According to Petitioners, seeds coated with neonicotinoid pesticides should not be considered eligible for the “treated article” exemption because the neonicotinoid pesticide in the coating acts systemically to protect the growing plants after the seeds germinate, rather than to protect the seeds themselves.  Based on this analysis, Petitioners argue that each coated seed product is in fact a separate unregistered pesticide that has not been properly evaluated under FIFRA.  Petitioners also argue that pesticide loss from these coated seeds has a variety of collateral environmental effects, including effects on pollinators that EPA has not appropriately considered.

The Petitioners have requested that the District Court provide declaratory relief stating that seeds coated with neonicotinoid insecticides are not eligible for the treated article exemption.  Petitioners also request that the District Court enjoin EPA from:  (1) allowing any new unregistered neonicotinoid-coated seeds of any crops; and (2) allowing any new unregistered seeds of any crops if they are coated with other systemic insecticides that cause pesticidal effects extending beyond the coated seed and plant itself.

Commentary

The potential consequences of a reviewing court finding that EPA has improperly construed or expanded the “treated article” exemption by including seeds coated with neonicotinoid insecticides are of significant concern.  Such a construction could require that EPA separately register each type of coated seed under FIFRA, regardless of whether EPA adequately evaluated the risks associated with seed treatment when each insecticide was first registered for this use.  EPA could seek dismissal of some or all of the Petitioner’s claims on jurisdictional grounds, arguing that the risks and benefits of seed treatment were considered at the time each neonicotinoid insecticide was registered for such use, and that the Petitioners should have sought prior review of those registration decisions in the Court of Appeals within the applicable 60-day window.  EPA may also object to the apparent failure of the Petitioners to exhaust their administrative remedies before challenging the policy embodied in the purported “rule,” and also to the Petitioners’ extensive reliance on extra-record evidence.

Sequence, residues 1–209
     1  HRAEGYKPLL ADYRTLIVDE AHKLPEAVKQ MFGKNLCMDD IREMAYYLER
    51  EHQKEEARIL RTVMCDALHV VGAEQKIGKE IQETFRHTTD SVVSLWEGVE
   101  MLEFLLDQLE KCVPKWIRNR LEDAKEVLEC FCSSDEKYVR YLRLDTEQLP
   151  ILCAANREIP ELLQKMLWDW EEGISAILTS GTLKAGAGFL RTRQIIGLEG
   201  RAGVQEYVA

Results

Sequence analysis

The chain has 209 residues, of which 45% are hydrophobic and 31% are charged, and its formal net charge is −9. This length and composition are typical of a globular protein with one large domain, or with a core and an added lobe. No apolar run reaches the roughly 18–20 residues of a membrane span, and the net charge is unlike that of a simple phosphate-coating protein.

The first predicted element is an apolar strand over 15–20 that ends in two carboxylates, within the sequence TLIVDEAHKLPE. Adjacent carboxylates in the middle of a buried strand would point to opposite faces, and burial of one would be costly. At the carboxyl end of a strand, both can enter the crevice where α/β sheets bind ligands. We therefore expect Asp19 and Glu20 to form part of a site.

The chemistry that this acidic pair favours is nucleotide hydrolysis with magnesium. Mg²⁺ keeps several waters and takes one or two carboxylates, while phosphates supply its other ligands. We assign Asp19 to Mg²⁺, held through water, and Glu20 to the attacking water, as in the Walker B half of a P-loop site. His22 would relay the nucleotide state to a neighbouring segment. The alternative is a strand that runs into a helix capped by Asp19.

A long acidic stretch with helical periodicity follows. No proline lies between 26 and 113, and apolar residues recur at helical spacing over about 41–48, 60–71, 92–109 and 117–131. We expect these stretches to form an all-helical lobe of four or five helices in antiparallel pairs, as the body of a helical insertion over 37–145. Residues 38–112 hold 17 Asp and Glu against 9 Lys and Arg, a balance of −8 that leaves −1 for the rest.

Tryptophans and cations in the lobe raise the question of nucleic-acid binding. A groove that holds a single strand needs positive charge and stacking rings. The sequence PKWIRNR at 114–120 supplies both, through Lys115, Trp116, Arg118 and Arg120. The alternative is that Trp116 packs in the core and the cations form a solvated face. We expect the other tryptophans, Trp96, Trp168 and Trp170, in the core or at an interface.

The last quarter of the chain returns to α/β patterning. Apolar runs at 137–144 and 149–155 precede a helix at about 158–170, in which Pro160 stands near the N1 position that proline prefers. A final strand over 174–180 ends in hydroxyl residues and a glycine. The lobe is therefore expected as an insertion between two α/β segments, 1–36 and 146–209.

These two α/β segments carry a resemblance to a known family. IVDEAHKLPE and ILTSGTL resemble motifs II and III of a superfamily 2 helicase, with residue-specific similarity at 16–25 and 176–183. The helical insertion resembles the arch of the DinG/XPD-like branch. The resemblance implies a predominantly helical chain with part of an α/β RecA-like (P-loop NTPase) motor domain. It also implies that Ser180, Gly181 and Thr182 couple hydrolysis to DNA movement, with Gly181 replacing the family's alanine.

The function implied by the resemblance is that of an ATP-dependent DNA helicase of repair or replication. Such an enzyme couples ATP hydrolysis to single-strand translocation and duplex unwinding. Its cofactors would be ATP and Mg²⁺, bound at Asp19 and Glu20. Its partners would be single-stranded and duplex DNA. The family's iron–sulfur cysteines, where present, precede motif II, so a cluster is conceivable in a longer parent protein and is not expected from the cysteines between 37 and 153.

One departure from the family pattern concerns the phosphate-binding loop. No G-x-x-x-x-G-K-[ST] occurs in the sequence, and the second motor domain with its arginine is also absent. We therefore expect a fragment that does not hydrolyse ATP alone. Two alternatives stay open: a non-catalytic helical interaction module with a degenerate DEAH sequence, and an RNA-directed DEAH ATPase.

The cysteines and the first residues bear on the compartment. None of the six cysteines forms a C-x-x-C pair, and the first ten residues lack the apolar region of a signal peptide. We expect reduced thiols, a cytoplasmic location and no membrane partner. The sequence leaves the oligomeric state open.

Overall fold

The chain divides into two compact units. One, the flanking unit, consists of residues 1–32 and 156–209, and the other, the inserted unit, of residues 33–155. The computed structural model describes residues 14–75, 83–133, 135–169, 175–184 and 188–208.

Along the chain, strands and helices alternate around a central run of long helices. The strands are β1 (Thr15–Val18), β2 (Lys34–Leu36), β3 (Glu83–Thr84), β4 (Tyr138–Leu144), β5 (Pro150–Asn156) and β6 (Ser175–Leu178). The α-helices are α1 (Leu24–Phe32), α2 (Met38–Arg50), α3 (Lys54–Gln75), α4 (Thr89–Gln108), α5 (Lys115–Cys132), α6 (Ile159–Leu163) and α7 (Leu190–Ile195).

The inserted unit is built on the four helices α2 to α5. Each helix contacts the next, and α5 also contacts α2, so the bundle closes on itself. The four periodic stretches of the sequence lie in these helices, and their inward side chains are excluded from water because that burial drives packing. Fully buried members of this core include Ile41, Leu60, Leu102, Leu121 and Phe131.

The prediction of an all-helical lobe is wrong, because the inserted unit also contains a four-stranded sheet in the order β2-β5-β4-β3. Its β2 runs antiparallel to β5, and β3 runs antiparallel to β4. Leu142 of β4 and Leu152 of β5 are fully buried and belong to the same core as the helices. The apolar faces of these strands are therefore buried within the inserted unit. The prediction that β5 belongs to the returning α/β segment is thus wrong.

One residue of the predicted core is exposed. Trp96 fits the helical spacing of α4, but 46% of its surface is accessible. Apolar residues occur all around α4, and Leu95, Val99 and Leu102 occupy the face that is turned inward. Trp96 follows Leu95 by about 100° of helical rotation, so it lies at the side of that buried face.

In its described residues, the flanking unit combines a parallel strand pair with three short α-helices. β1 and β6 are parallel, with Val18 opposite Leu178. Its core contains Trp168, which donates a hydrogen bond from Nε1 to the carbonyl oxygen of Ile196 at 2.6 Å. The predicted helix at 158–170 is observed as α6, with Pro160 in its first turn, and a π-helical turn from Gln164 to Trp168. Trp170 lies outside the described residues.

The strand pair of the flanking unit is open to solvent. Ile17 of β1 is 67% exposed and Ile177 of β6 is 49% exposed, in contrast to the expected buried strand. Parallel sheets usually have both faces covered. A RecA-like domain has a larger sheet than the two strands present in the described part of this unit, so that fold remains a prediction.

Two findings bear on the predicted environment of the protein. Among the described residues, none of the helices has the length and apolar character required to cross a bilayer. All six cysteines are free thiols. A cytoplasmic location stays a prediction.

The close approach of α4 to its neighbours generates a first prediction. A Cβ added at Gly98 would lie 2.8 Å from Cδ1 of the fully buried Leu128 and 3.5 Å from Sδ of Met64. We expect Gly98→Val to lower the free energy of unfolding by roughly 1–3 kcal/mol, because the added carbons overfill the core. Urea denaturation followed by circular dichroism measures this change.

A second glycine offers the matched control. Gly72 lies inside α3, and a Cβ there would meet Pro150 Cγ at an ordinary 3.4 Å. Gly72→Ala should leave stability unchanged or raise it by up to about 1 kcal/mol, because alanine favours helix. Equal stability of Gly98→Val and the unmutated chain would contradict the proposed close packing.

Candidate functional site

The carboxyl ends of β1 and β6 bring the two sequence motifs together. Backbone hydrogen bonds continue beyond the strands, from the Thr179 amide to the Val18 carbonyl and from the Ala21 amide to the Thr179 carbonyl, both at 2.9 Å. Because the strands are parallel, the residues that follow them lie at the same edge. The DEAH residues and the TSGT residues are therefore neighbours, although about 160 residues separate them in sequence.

By Lisa M. Campbell, Lisa R. Burchi, and James V. Aidala

On January 6, 2016, the U.S. Environmental Protection Agency (EPA), in collaboration with California’s Department of Pesticide Regulation (DPR) announced the release of a preliminary pollinator risk assessment for the neonicotinoid insecticide, imidacloprid (Preliminary Risk Assessment or Assessment).  In its assessment, EPA states that imidacloprid potentially poses a risk to hives when the pesticide comes in contact with certain crops that attract pollinators.